Garment workers continue to work in appalling conditions for poverty pay in Bangladeshi sweatshops seven years after the Rana Plaza building collapse that killed 1,138 people and caused global outrage.
The biggest garment factory disaster in history generated sweeping condemnations of the poor conditions and poverty pay endured by workers supplying Western clothing chains – yet these conditions persist.
To make matters worse, rescue workers who once dug victims from the rubble of the eight-story sweatshop in Dhaka are now struggling to feed desperate factory workers thrown into destitution by the impact of Coronavirus.
Inside a Bangladeshi Sweatshop
In February, we had the opportunity to see inside a Bangladeshi sweatshop – and were disturbed by what we encountered.
The factory we visited was not a huge operation like those at Rana Plaza but one of the thousands of small workshops scattered around the country where a few dozen people work for a slave wage in cramped, unhealthy conditions.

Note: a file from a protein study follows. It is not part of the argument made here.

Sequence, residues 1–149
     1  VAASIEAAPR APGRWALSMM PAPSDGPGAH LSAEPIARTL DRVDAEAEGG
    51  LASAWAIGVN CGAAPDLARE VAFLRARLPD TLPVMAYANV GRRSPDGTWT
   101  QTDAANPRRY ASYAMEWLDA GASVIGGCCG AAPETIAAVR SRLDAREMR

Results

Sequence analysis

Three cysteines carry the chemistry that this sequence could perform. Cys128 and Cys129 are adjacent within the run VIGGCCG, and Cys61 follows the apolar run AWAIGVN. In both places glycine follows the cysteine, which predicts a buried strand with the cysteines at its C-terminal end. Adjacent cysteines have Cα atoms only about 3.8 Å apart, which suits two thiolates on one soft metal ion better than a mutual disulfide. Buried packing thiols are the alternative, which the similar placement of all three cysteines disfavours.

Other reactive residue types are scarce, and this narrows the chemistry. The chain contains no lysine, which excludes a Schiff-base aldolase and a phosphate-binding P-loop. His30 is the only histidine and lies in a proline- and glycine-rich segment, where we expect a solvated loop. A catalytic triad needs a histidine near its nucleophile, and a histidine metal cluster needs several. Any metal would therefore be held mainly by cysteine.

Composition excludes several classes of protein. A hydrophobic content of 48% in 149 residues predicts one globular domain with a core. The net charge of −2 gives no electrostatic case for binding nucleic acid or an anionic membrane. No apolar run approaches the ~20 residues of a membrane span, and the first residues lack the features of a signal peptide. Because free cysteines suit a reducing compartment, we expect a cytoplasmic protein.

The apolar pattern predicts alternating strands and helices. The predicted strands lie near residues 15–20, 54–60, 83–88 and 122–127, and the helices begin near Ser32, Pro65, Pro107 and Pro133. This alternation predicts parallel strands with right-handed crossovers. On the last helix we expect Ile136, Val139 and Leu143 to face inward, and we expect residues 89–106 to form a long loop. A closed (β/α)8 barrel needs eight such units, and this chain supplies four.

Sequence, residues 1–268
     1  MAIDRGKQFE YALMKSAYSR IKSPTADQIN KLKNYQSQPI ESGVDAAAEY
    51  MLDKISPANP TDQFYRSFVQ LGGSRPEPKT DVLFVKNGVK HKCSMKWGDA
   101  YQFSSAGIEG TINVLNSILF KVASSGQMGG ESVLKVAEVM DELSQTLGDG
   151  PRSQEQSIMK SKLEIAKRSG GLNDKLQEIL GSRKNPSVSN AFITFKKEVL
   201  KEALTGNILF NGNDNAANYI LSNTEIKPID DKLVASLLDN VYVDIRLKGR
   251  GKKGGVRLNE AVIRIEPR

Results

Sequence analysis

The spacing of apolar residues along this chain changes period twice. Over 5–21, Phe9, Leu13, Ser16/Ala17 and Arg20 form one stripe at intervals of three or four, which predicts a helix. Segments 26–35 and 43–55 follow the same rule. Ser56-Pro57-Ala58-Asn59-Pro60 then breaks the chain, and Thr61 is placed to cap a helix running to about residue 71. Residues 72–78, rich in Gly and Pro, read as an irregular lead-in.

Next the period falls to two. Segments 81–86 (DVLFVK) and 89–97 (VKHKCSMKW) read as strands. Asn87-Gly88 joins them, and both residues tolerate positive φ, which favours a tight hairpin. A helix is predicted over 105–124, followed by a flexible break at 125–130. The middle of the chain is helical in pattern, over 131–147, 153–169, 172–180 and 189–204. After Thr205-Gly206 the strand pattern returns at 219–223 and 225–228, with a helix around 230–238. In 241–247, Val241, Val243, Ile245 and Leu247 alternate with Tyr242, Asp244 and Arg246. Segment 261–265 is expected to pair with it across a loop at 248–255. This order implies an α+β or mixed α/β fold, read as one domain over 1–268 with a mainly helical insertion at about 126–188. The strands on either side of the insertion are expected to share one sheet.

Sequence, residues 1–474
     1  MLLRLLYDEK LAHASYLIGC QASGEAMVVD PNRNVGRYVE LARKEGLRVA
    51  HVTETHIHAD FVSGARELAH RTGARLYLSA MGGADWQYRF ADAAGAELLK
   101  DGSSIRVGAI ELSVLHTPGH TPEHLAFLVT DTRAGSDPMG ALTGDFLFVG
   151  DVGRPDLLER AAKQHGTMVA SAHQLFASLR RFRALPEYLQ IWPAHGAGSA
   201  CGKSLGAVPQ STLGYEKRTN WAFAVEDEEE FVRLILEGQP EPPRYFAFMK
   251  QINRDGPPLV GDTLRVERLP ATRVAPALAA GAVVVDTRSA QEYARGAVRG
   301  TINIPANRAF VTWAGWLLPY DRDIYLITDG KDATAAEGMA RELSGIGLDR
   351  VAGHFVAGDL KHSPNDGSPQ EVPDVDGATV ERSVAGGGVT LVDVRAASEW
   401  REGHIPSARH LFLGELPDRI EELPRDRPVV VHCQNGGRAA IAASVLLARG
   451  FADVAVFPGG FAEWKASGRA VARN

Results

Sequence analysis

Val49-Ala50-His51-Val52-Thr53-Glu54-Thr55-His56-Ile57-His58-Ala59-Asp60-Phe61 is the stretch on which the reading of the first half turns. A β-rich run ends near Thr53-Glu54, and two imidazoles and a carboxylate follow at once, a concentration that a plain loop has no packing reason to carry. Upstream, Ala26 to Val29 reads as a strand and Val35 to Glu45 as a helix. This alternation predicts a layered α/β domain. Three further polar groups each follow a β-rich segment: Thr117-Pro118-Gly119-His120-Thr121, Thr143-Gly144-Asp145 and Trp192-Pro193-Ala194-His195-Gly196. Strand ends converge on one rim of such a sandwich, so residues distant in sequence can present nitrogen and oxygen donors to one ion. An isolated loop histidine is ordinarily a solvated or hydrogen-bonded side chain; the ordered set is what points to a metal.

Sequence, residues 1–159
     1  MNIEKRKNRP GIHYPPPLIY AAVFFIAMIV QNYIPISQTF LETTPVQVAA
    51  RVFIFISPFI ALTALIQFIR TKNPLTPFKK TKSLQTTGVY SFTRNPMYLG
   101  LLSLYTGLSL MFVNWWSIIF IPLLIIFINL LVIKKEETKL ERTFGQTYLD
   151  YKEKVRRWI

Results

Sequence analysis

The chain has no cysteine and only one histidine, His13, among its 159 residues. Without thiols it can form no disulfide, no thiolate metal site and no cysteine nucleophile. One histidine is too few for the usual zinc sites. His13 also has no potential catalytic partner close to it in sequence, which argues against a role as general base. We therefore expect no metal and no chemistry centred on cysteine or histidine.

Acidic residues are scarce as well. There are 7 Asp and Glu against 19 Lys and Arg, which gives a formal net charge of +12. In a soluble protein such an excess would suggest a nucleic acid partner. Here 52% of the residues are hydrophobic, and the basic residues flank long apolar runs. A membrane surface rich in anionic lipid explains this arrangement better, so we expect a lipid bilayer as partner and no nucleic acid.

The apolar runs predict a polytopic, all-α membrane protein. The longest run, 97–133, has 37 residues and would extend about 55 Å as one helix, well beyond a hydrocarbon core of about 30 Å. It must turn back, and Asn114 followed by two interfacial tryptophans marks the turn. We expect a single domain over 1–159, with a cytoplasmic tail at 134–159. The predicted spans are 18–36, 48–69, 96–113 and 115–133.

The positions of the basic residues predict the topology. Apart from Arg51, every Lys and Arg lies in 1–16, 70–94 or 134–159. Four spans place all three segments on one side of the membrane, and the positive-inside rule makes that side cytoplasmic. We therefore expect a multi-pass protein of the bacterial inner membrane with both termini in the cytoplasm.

We drove for about two hours through the bustle of Dhaka to the outskirts of the city, arriving at a shantytown with corrugated iron houses set alongside a dirt road on the Dhaleshwari River.
As we approached, our translator said:
“This must be an area of subcontracted factories, no Western buyers would come here.”
Walking along the dirt road we turned and climbed a metal staircase to the first floor of one of the few brick buildings in the area, and stepped into a room not much bigger than a large garage.
It was lit by a few hanging bulbs, with fading daylight coming through two large holes in the walls where windows were meant to be. The room was heavily overcrowded with people working.
Our guide was local to the area and encouraged a young man to show us a sample of the t-shirts they made. There was no foreman or manager asking for credentials, but we dutifully played the part of Western buyers coming to inspect the products.
Checking all the stitching in the seams, and nodding with approval at the quality of their work, I was told each piece sold for 13 taka, – about 12 pence in British money.
I asked how many t-shirts they make in a day, but was not prepared for what I heard: 2000 pieces. The sweatshop employed 30 workers, suggesting that each must make 66 t-shirts a day in these cramped conditions.